I think that New York City has the fastest ISP in the whole USA when I keep hearing stories about other ISP's in other states. Oh BTW, Verizon is slowly wiring sectors of New Jersey and New York with fiber optics of two speed plans (as of their first advertising speeds) of 15MBit/s and 30MBit/s (I think they may have a 3rd plan of 60MBit/s by now but I have not confirmed that). So since our main cable provider competitor is doing fiber optic we will see what decision will Cablevision take when it comes to fiber optic, most likely I see them doing it in the near future.
Craig Warren · May 25, 2009 - 05:28 EST #13
In maine here i have RoadRunner, and i purchased the RoadRunner Turbo w/ Powerboost, and advertised i have 16Mb/s connection, however realistically i have 21+Mb/s (with a max to date of 31.72Mb/s), and my provider lets me use my own zoom cable modem, its not hacked because i am VERY VERY much more then satisfied with my 60 dollar a month plan, especially when downloading a gig of files takes minutes not hours. :-D

For the people who are bitching about cable, yes the government isnt perfect, but its extremly hard to upgrade backbones when the demands keep going up, because they do not want to shut down customers or have rolling blackouts of internet, planning and execution of deployment is more money then anyone here probably realizes.

although i have a biased oppinion because of my internet, however hacking your modem is illegal because (believe it or not) the load balencing/filtering is a security measure to keep from overshooting their budget, its like using the energy saver function for home appliances example, and hacking around security measures is illegal.

In places with alot of people, such as new york or calif. the demand is growing more and more every day at faster rates. but as Dave K. said, we wouldnt have this problem with fiber optic.

Knowledge is power, however hacking to get around security measures is illegal.

Bangor, ME
James B · July 21, 2009 - 14:13 EST #14
I agree here with the idea that hacking an equipment which is not yours is illegal but I also agree with the idea that almost all the ISPs play the game speed vs bandwidth so one way or the other, if available, you have to pay extra money to get the best service.
I'm from Canada and my ISP is Cogeco. I'm currently testing their fastest residential package called ultimate and I'm getting 50Mbps down with 1.5Mbps up. I'm getting them 100% all the time so nothing to complain here. My problem is bandwidth to relate to the original OP. I only have 150 GB/m. With this speed you can get a very large file like 10 GB in 30 min so basically in 7.5 h your bdth is reached. From here it comes the frustration. Additional GB is $1 so if you don't pay attention to your traffic (only available the next day) you can pay big $$$. There is no bdth brick available like OK, you pay additional $25 for additional 50GB or $50 to go unlimited. It is ridiculous that after I'm paying $145/m then I still have to pay add traffic for that price. They know very well that the faster you go the more bdth you need. Rapidshare and Megaupload they sell traffic for close to 10-12c/GB so it is possible. In my case yes I'm fast but for my needs it's not enough. Options? There are none because they only focus on fast profit. After my knowledge a fast profit is not the key to a long success hence no investments in fiber optic or upgraded backbones.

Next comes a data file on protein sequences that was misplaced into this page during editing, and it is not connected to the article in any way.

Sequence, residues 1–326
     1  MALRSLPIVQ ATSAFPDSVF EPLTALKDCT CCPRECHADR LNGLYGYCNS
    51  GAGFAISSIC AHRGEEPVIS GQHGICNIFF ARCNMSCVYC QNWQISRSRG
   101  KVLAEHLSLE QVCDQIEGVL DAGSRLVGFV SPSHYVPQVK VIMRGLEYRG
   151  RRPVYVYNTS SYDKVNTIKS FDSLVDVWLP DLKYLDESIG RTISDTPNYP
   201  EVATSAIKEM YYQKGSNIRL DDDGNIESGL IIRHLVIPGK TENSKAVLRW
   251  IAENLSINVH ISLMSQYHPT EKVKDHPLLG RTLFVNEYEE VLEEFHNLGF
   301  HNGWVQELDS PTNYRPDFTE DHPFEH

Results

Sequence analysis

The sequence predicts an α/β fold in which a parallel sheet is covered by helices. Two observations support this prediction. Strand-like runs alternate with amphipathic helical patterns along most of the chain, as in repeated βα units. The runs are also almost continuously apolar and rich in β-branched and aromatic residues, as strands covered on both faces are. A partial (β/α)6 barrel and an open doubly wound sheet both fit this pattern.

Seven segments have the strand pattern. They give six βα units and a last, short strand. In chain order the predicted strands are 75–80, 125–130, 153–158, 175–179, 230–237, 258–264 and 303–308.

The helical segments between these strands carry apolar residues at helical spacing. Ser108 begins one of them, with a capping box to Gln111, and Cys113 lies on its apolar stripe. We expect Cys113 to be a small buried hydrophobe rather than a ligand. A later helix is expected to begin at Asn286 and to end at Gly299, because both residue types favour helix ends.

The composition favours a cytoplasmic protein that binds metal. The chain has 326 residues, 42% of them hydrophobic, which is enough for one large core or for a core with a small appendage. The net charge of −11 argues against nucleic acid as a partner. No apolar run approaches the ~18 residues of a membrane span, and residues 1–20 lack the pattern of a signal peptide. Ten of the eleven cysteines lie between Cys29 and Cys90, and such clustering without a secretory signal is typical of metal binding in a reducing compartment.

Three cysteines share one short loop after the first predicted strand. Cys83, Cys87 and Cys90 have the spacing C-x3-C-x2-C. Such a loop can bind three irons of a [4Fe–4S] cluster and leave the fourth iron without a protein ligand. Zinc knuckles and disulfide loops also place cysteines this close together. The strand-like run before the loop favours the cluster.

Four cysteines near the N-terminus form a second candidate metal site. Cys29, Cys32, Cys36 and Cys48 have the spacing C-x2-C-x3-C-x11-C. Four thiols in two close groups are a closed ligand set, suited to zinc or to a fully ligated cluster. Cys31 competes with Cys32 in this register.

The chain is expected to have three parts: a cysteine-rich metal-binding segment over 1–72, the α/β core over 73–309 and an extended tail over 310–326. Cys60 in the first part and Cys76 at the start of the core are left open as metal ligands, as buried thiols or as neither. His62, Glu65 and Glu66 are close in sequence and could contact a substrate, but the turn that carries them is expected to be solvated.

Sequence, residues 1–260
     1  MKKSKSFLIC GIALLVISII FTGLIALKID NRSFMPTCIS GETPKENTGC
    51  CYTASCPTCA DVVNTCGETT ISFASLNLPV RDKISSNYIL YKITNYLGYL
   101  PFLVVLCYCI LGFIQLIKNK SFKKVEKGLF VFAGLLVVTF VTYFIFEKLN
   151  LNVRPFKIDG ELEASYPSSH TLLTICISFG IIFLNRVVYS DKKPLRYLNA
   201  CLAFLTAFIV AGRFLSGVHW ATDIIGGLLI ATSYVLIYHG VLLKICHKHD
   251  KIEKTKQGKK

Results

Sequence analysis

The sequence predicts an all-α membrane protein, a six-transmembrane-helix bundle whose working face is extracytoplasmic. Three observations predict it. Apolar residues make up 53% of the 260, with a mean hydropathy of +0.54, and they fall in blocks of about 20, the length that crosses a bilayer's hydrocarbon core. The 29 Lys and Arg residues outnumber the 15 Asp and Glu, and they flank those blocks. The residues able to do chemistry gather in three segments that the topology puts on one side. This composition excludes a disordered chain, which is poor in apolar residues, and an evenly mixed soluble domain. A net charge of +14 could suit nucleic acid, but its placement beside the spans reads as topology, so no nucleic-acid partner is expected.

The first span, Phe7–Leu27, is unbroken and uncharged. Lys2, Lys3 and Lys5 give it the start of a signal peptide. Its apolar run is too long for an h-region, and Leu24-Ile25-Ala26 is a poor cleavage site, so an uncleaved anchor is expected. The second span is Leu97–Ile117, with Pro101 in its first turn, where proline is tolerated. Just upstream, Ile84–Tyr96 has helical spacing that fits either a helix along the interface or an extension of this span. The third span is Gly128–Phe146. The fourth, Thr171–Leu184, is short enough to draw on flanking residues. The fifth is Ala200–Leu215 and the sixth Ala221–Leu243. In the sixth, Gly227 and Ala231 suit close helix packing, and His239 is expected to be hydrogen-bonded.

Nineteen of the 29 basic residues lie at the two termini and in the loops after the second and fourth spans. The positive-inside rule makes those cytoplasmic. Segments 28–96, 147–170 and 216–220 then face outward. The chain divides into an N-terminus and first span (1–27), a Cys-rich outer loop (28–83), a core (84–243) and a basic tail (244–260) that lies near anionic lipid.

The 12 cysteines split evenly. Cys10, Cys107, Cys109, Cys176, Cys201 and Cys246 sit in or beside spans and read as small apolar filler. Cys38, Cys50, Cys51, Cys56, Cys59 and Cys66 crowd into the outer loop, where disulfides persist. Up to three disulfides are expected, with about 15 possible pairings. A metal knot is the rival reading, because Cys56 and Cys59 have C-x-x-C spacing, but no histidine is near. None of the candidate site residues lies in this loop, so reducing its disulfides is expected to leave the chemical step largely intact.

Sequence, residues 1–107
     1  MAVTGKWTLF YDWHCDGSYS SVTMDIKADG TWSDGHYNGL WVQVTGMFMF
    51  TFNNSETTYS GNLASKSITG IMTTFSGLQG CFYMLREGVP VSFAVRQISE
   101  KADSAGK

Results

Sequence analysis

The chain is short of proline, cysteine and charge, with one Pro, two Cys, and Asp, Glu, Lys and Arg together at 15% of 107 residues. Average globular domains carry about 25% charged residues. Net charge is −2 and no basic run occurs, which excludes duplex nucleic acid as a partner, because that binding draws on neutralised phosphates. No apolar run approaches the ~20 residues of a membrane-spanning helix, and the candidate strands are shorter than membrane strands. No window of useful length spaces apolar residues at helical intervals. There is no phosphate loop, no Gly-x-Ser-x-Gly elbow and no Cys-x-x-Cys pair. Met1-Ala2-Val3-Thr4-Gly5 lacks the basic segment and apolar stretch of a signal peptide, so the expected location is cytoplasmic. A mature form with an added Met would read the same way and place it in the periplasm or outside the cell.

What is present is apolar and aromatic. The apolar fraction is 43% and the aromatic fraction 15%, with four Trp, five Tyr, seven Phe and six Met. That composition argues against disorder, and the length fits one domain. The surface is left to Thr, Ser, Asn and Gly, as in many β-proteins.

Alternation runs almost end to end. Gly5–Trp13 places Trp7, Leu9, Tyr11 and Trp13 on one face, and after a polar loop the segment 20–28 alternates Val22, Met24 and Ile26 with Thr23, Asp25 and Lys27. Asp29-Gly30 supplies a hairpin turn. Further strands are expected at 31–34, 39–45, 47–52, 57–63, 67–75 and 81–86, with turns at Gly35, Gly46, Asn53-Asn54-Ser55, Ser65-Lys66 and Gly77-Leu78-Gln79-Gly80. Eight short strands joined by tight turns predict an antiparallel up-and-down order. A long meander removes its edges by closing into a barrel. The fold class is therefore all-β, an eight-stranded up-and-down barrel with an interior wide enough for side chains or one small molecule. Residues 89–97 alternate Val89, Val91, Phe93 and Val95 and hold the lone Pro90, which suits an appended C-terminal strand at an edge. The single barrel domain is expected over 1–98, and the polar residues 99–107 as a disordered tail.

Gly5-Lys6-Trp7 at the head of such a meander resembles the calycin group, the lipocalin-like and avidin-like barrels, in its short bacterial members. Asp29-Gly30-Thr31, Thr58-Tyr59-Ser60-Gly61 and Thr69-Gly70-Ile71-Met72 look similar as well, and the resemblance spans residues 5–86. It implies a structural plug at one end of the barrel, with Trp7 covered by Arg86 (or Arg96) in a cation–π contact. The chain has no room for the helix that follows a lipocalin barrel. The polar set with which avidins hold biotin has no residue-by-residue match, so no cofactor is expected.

Other options, yes. I've found after several phone calls a customer service rep that filled in a feedback/complaint form and we'll see. If in 1 month I don't get any positive answer then I'm going to change the package or the ISP. Do you call this progress because I don't.
James, Canada
Katrina · October 1, 2009 - 09:56 EST #15
I think every provider in canada does that- offers only so much bandwidth- Bell is only allowed to charge upto an additional $30 for bandwidth overages- But you have to be careful - if you use skype or Voip or other high usage sites - there is a stipulation in the agreement you sign stating that you give Bell permission to Charge you an undisclosed amount of money for going over what they deem "resonable usage"- and I have seen people's bills in the thousands of dollars........ pretty damn sad if you ask me.
basteredchild · November 8, 2009 - 19:34 EST #16
They cant find u if your ip address is just rolling numbers think about it people
PerfectEskimo · November 8, 2009 - 20:26 EST #17
right, think about the thousands of people every year picked up for cybercrime linked what people


your ip address...

read the news...maybe once...twice in your lifetime
mike james · January 19, 2010 - 17:51 EST #18